Subject: Re: [boost] [core/noncopyable][test/boost::unit_test::singleton] massive test failures
From: AgustÃn K-ballo BergÃ© (kaballo86_at_[hidden])
Date: 2014-08-21 14:04:28
On 21/08/2014 01:00 p.m., Peter Dimov wrote:
> AgustÃn K-ballo BergÃ© wrote:
>> > And, while I can grudgingly accept the argument that the class
>> deriving > from noncopyable needs to decide whether to be trivially
>> constructible > or not, in this case, it is not that class that makes
>> the decision. All > classes deriving from noncopyable weren't
>> trivially copyable with the > old implementation and are now trivially
>> True, it is a breaking change for classes relying on an implementation
>> provided default constructor.
> Huh. I must be missing something. The default constructor does not
> affect trivial-copyability:
> It only affects triviality:
>> I'm having a hard time deciding where this matters...
> Perhaps not. After all, I was arguing that close to zero current uses of
> noncopyable are trivial. But you and Andrey were arguing the opposite,
> that making 'noncopyable' trivial is a feature. So... does it matter or
> does it not? :-)
That comment was about a trivial default constructor only. I fail to
imagine a case where one has a default-constructible noncopyable thingy,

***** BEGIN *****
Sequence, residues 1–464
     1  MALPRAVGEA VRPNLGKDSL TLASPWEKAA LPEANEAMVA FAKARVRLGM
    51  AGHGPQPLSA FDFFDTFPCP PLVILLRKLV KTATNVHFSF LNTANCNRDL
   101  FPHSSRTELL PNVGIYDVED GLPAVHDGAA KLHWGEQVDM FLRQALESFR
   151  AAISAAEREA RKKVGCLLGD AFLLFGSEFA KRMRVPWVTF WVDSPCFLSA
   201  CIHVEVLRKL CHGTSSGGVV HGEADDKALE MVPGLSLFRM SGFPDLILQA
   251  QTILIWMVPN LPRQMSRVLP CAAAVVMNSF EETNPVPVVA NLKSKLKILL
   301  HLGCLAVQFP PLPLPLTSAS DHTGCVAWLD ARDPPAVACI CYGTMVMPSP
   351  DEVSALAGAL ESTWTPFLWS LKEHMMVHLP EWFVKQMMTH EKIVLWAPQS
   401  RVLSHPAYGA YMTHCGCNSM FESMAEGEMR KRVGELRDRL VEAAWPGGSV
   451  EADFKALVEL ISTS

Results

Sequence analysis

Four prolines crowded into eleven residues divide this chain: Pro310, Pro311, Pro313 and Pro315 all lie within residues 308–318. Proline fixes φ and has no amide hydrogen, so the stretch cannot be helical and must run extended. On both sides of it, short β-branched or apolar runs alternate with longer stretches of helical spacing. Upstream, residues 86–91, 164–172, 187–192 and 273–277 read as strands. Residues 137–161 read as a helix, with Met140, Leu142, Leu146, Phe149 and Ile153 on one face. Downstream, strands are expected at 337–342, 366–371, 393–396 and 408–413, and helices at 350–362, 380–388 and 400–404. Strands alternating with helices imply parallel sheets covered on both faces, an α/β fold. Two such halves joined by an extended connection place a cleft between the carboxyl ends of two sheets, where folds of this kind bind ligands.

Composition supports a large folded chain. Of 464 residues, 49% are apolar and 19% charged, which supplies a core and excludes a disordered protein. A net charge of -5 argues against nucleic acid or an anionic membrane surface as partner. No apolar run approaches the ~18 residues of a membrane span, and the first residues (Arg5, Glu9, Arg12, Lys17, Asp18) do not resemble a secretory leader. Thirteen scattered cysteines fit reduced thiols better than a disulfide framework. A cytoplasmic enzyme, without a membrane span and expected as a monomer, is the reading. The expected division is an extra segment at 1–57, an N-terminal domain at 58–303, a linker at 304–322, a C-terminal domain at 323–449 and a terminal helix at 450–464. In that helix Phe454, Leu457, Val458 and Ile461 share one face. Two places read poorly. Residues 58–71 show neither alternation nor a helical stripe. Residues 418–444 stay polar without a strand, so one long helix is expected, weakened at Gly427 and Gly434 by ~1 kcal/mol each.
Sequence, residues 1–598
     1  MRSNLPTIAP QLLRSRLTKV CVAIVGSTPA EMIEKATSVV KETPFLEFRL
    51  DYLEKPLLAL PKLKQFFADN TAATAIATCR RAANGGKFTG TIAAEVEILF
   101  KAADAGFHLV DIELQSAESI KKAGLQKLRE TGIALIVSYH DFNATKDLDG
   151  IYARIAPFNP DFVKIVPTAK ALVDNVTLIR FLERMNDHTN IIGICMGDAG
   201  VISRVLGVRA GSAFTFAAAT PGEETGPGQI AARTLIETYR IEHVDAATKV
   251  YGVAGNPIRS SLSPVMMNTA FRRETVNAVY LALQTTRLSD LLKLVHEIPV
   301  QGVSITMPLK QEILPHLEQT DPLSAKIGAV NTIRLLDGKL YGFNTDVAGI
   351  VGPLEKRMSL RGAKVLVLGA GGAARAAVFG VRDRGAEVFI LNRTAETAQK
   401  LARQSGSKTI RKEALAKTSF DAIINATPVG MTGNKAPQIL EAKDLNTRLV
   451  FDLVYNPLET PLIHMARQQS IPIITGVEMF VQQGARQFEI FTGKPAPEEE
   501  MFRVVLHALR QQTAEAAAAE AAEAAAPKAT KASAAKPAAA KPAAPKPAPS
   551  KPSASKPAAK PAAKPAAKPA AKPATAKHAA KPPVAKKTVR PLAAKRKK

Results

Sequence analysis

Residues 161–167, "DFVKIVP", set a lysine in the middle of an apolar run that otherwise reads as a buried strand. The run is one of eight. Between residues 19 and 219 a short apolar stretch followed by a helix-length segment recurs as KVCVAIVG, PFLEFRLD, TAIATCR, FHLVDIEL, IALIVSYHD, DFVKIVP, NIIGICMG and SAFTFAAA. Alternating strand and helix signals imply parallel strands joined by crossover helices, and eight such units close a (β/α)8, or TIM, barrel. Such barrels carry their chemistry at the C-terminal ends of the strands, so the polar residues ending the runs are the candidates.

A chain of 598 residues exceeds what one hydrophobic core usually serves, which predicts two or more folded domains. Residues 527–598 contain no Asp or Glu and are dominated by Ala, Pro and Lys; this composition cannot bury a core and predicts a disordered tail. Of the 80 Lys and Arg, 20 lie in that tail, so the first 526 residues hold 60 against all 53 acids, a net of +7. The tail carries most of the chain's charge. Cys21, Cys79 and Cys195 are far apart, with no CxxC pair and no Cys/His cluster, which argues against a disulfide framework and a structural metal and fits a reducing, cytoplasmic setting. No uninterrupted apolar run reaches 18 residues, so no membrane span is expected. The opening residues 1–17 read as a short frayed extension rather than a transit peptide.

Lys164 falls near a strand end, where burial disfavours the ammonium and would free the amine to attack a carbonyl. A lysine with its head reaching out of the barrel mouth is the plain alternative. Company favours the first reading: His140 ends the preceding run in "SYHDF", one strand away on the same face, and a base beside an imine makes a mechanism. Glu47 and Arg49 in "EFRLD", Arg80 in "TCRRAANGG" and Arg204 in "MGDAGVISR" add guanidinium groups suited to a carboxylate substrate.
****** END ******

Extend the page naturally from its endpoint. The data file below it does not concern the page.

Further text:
and whether that constructor is trivial or not matters other than for
In any case, I may have misrepresented my position. I do not know about
what the common use cases of `noncopyable` are, and I'm not a user
myself. My point is simply that trivially copyable is an orthogonal
thing to copyable today, so `noncopyable` should not be concerned with
it. If it turns out the definition of trivially copyable is wrong and
it's changed, then `noncopyable` will be benefit from that change
>> As I see it, since trivially copyable does not imply copyable, it is
>> irrelevant for `noncopyable`. Even when it sounds funny.
> It would be irrelevant in a world in which all code carefully guards its
> is_trivially_copyable checks with is_copy_constructible. This is not
> that world.
I can't really argue about the potential for misuse of the language.
> But even if we constrain ourselves to abstract theory... what meaning do
> you give to TriviallyCopyable & ~Copyable? What does it imply?
Strictly speaking it implies TriviallyDestructible, which matters for
example if you decide to have a specialization for a wrapper class for
TriviallyCopyable types and let all special member functions be
implicit. In that case for `noncopyable` you get a trivially
destructible wrapper, while any attempt to copy or move it results in a
I have some low-level optimizations in mind as well, but I don't dare
say they are fully conformant yet. I need to investigate more.
>> Whether this matters, I don't know. I wouldn't use `noncopyable` in
>> C++11 code, and I stopped using it in C++03 code a long time ago
>> because it would result in "error: undefined reference for blablabla"
>> with absolutely no context on whether the copy attempt happens (not
>> entirely `noncopyable`'s fault, but enough to make it useless for me).
> Interesting. Why would the copy being private not result in a
> compile-time error?
Why indeed? I guess it would have been a compiler bug, so it would be
fair for me to strike the "entirely" from my comment above. In any case,
the end result was the same, after repeated occurrences of these
unhelpful error messages I just replaced it with forcing compile time
error messages where I could.
-- AgustÃn K-ballo BergÃ©.- http://talesofcpp.fusionfenix.com